The increasingly impressive shadow sports minister, Hugh Robertson, is not alone in questioning whether England have picked the right team and are deploying the right tactics to secure the 2018 World Cup. The attempt began in earnest last week as Fifa confirmed the bidding nations, but are the Football Association playing the wrong game of political football? Robertson is rightly concerned that the bid board is politically imbalanced, overloaded with diplomats and deficient in football people. It is also astonishing that the FA have not co-opted Seb Coe, who knows as much about bidding as Sotheby's chief auctioneer. Not only did he mastermind London's 2012 Olympic coup but he is passionate about football, and as chairman of Fifa's ethics commission has the vital ear of Sepp Blatter, the world governing body's president. There are worries, too, that the autocratic FA chairman, Lord Triesman, one of two Labour peers on a board that has past and present Labour sports ministers, lacks the clout and charisma to win over Fifa, no Anglophiles and predisposed to favour England's likely chief rivals, Russia.
No more prawn sarnies?
The sound of bursting bubbles in football is not confined to the office of West Ham's financial director. Other Premier League clubs are feeling the crunch. We hear those plush VIP suites sold on a match-by-match basis at the Emirates can be had for a third of the usual £9,000, and many clubs are seeing clients cutting down on entertainment, offering snacks rather than slap-up meals and champers. How long will it be before prawn sandwiches are replaced by Marmite butties?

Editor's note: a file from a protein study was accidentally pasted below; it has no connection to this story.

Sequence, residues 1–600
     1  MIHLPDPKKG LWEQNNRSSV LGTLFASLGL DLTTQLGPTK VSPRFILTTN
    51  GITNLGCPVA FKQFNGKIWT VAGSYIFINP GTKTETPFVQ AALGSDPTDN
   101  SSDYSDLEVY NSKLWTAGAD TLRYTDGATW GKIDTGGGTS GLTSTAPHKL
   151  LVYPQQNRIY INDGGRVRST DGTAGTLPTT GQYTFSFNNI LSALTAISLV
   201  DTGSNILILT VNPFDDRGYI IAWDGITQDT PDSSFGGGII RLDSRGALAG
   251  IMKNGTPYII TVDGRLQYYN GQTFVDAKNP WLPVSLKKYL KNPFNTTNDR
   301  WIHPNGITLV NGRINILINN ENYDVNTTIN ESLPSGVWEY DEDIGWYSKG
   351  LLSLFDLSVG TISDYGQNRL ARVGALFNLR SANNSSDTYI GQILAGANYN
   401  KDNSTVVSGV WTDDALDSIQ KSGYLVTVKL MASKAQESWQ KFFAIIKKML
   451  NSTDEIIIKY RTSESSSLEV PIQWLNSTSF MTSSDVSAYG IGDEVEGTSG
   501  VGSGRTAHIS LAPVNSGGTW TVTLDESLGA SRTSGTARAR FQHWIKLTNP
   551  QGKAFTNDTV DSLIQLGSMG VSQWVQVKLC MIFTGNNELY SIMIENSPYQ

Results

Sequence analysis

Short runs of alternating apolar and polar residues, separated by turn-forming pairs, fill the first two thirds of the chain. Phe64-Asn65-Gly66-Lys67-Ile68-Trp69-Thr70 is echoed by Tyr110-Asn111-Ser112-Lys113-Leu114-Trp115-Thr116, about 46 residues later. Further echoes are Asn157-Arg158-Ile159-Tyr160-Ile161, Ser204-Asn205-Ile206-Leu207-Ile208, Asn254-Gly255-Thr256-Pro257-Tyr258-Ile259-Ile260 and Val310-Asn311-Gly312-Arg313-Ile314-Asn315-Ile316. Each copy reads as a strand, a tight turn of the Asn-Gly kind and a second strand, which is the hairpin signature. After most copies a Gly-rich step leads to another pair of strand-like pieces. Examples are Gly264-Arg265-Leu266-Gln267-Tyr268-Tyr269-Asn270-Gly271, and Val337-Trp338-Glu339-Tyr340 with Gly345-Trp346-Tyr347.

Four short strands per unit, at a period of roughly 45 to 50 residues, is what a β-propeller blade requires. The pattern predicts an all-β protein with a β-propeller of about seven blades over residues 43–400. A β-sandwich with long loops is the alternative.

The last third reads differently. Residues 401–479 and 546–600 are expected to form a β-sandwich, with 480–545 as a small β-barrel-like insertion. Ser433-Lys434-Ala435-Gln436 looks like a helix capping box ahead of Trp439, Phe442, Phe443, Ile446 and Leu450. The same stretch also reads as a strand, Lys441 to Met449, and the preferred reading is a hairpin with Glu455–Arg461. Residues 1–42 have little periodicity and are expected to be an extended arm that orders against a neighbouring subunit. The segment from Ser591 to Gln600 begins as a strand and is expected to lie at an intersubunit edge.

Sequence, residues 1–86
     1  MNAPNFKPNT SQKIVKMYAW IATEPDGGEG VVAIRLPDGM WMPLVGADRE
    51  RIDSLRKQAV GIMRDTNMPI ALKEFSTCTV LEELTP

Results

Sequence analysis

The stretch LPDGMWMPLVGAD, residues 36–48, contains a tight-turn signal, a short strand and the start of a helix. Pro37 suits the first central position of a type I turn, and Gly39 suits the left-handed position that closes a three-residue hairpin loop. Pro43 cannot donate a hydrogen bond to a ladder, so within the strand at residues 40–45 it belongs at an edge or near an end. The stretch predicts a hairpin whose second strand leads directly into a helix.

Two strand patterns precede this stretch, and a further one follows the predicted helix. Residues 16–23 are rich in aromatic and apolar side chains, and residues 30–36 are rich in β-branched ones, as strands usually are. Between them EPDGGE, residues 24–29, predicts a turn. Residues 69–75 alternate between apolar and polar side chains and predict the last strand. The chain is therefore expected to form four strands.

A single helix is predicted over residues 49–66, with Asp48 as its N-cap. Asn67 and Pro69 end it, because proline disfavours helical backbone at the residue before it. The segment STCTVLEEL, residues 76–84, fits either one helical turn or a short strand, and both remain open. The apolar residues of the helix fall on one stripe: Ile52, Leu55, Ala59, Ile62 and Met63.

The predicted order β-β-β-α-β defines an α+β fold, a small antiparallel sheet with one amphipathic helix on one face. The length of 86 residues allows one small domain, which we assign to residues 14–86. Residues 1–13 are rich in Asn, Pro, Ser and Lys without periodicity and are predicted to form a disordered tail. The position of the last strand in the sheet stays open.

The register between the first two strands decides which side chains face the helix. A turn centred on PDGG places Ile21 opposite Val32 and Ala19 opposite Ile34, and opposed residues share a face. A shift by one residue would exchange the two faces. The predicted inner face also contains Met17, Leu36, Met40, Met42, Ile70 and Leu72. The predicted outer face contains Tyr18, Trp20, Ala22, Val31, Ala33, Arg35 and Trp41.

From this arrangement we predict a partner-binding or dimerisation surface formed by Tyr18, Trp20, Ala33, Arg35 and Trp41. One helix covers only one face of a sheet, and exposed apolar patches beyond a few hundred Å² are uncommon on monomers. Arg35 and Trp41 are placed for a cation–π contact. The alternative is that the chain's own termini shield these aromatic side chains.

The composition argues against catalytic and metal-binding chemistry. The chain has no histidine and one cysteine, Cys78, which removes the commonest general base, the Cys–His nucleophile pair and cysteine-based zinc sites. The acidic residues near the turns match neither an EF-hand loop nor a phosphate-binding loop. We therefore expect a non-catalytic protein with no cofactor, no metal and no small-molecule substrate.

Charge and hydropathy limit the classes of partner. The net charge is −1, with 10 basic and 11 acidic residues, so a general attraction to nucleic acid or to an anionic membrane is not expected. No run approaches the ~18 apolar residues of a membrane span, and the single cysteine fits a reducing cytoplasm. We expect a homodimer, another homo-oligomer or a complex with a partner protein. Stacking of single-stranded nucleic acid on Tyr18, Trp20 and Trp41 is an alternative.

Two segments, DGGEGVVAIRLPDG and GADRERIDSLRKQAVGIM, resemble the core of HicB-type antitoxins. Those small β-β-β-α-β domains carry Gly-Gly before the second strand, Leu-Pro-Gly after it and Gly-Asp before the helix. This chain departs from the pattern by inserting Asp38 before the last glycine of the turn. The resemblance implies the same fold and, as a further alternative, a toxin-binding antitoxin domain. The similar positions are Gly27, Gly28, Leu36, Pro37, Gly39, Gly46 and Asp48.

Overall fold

Power for the people
Darts king Phil "The Power" Taylor – did you catch his throw-on part in Coronation Street on Monday? – also had a nice little earner in winning the Players' Championship, collecting around half a million quid in prize money and sponsorship. His manager, Barry Hearn, reckons he could pick up £10m before he hangs up his arrers. Not bad for a former panel beater on £74 a week. "I don't know how much I'm worth, I just put the money in the bank and I'll look at it when I retire," Taylor, 48, told a sports journalists' lunch. He can't see the recession hitting what he calls "the people's game": "The world's a serious place right now and darts is something you can watch quite cheaply, enjoy yourself and forget about things."
Blast from the past-master
Don King may be 76 but he hasn't lost his marbles – or his voice. The stentorian tones wafted loudly across the Atlantic last week, warning Bolton's Amir Khan that King's man Marco Antonio Barrera is in it to win it. The Mexican legend sustained a cut in a warm-up fight at the weekend and was coy about how many stitches he had had, but it's all systems go and 15,000 tickets have been sold for the lightweight bout at Man-chester's MEN Arena on 14 March. Soundbites from the Don suggest that Khan is more in danger of getting his ears bashed by him than Barrera. King warns us he will be heading this way soon. No need for the gritters; he'll generate enough hot air to clear all the snow.
Join our new commenting forum
Join thought-provoking conversations, follow other Independent readers and see their replies